Of hospitalized children who tested or were presumed positive for SARS-CoV-2, 44% developed neurological symptoms, and these kids were more likely to require intensive care than their peers who didn’t experience such symptoms, according to a new study led by a pediatrician-scientist at UPMC and the University of Pittsburgh School of Medicine.
The most common neurologic symptoms were headache and altered mental status, known as acute encephalopathy. Published in Pediatric Neurology, these preliminary findings are the first insights from the pediatric arm of GCS-NeuroCOVID, an international, multi-center consortium aiming to understand how COVID-19 affects the brain and nervous system.
“The SARS-CoV-2 virus can affect pediatric patients in different ways: It can cause acute disease, where symptomatic illness comes on soon after infection, or children may develop an inflammatory condition called MIS-C weeks after clearing the virus,” said lead author Ericka Fink, M.D., pediatric intensivist at UPMC Children’s Hospital of Pittsburgh, and associate professor of critical care medicine and pediatrics at Pitt. “One of the consortium’s big questions was whether neurological manifestations are similar or different in pediatric patients, depending on which of these two conditions they have.”
To answer this question, the researchers recruited 30 pediatric critical care centers around the world. Of 1,493 hospitalized children, 1,278, or 86%, were diagnosed with acute SARS-CoV-2; 215 children, or 14%, were diagnosed with MIS-C, or multisystem inflammatory syndrome in children, which typically appears several weeks after clearing the virus and is characterized by fever, inflammation and organ dysfunction.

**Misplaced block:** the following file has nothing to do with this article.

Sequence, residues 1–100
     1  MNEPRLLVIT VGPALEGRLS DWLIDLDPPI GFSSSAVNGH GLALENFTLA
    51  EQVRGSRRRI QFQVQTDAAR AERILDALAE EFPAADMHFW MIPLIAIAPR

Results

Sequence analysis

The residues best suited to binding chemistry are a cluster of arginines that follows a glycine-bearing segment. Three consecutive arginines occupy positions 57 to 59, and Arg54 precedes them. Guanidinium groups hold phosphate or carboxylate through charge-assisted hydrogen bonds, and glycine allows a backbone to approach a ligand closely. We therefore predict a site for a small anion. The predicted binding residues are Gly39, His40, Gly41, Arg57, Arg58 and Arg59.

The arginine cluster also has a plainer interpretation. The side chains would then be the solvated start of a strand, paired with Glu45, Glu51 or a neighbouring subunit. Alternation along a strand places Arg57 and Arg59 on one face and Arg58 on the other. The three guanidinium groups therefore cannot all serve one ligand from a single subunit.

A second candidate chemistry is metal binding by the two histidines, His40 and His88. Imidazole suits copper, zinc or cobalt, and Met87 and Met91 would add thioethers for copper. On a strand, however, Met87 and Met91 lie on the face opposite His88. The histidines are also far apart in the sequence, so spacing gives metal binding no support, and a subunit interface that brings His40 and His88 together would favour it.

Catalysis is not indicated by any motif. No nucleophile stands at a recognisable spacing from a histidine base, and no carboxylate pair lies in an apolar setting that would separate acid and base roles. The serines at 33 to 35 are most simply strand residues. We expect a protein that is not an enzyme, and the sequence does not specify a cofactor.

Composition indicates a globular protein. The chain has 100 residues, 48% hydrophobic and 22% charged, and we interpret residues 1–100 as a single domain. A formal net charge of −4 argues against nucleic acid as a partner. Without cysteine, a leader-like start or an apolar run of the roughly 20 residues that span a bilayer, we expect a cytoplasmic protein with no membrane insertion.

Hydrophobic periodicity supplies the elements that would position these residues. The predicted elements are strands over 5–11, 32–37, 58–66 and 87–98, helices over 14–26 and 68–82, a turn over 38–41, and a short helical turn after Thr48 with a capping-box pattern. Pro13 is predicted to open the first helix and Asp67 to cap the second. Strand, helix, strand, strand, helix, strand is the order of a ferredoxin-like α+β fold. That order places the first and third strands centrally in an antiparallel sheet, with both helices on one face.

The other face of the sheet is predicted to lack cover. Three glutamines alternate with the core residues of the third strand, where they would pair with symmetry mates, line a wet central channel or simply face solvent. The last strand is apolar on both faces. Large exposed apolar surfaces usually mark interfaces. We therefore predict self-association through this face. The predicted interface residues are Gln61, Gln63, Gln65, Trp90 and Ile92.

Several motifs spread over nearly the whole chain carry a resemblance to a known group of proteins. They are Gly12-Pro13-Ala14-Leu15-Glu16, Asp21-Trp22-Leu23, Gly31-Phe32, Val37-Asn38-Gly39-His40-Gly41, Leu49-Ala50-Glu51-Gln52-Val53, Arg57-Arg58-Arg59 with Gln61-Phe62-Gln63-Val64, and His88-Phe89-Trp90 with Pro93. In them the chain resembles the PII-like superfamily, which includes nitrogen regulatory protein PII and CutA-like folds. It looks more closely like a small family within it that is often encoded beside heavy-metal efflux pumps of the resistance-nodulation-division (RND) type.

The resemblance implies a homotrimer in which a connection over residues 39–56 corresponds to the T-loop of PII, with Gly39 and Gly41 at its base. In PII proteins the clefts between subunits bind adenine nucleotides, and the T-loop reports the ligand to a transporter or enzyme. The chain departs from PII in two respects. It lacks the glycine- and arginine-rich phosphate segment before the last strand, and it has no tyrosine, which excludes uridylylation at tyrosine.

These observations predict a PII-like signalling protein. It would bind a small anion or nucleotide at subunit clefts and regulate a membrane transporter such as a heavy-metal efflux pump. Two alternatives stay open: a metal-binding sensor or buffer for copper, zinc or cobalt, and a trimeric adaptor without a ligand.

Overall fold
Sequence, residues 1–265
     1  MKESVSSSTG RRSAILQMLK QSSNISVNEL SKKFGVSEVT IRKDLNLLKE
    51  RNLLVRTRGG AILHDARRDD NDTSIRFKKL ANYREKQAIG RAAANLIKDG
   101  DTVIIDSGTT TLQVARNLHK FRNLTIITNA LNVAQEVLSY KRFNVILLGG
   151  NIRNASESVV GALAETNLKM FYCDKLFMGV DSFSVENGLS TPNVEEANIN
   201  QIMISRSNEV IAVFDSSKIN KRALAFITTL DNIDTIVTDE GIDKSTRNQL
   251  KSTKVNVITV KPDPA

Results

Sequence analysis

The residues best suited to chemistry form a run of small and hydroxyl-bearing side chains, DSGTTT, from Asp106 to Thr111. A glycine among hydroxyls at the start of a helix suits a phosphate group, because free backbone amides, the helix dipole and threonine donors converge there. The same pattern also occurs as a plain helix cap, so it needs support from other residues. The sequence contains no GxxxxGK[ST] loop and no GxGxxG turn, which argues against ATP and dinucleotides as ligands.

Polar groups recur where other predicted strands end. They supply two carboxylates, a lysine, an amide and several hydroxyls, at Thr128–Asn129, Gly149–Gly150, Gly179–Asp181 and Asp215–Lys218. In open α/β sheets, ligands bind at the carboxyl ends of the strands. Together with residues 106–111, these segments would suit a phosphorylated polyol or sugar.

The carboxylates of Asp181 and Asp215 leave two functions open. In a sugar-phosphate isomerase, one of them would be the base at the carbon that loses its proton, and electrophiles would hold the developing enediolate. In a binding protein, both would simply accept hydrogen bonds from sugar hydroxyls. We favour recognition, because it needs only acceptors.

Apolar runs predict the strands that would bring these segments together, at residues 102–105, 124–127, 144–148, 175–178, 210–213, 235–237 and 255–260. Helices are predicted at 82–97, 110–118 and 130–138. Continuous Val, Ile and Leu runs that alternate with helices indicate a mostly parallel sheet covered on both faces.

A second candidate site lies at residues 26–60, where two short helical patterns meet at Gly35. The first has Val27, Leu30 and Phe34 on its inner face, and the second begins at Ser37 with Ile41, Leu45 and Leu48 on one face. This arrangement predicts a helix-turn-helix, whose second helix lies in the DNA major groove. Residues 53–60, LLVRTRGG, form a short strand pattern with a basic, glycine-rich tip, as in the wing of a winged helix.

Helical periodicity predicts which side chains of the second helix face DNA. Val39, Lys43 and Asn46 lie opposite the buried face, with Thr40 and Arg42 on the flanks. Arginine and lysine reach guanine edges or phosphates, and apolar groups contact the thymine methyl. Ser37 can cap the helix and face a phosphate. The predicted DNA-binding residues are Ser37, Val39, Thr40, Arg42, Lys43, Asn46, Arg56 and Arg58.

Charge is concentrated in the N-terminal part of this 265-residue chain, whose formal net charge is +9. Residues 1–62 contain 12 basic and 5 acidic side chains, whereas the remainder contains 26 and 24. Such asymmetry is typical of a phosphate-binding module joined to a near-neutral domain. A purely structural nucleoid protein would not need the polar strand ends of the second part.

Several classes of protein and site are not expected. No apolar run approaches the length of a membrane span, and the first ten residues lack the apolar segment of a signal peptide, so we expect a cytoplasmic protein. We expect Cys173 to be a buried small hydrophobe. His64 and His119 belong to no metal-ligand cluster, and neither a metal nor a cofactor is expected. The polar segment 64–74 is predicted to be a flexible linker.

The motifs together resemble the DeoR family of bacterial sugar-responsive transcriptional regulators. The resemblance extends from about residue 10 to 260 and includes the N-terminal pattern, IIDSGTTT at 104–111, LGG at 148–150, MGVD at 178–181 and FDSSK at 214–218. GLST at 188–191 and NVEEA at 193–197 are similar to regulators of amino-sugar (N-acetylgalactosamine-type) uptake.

The most common neurologic manifestations linked with acute COVID-19 were headache, acute encephalopathy and seizures, while youths with MIS-C most often had headache, acute encephalopathy and dizziness. Rarer symptoms of both conditions included loss of smell, vision impairment, stroke and psychosis.
“Thankfully, mortality rates in children are low for both acute SARS-CoV-2 and MIS-C,” said Fink. “But this study shows that the frequency of neurological manifestations is high — and it may actually be higher than what we found because these symptoms are not always documented in the medical record or assessable. For example, we can’t know if a baby is having a headache.”
The analysis showed that neurological manifestations were more common in kids with MIS-C compared to those with acute SARS-CoV-2, and children with MIS-C were more likely than those with acute illness to have two or more neurologic manifestations.
According to Fink, the team recently launched a follow up study to determine whether acute SARS-CoV-2 and MIS-C — with or without neurologic manifestations — have lasting effects on children’s health and quality of life after discharge from hospital.
“Another long-term goal of this study is to build a database that tracks neurological manifestations over time — not just for SARS-CoV-2, but for other types of infections as well,” she added. “Some countries have excellent databases that allow them to easily track and compare children who are hospitalized, but we don’t have such a resource in the U.S.”
This study was partly funded by the Neurocritical Care Society Investing in Clinical Neurocritical Care Research (INCLINE) grant.
Other researchers who contributed to the study include Courtney L. Robertson, M.D., Johns Hopkins Children’s Center; Mark S. Wainwright, M.D., Ph.D., University of Washington and Seattle Children’s Hospital; Juan D. Roa, M.D., Universidad Nacional de Colombia and Fundación Universitaria de Ciencias de la Salud; Michelle E. Schober, M.D., University of Utah, and other GCS-NeuroCOVID Pediatrics investigators who are listed in the paper.
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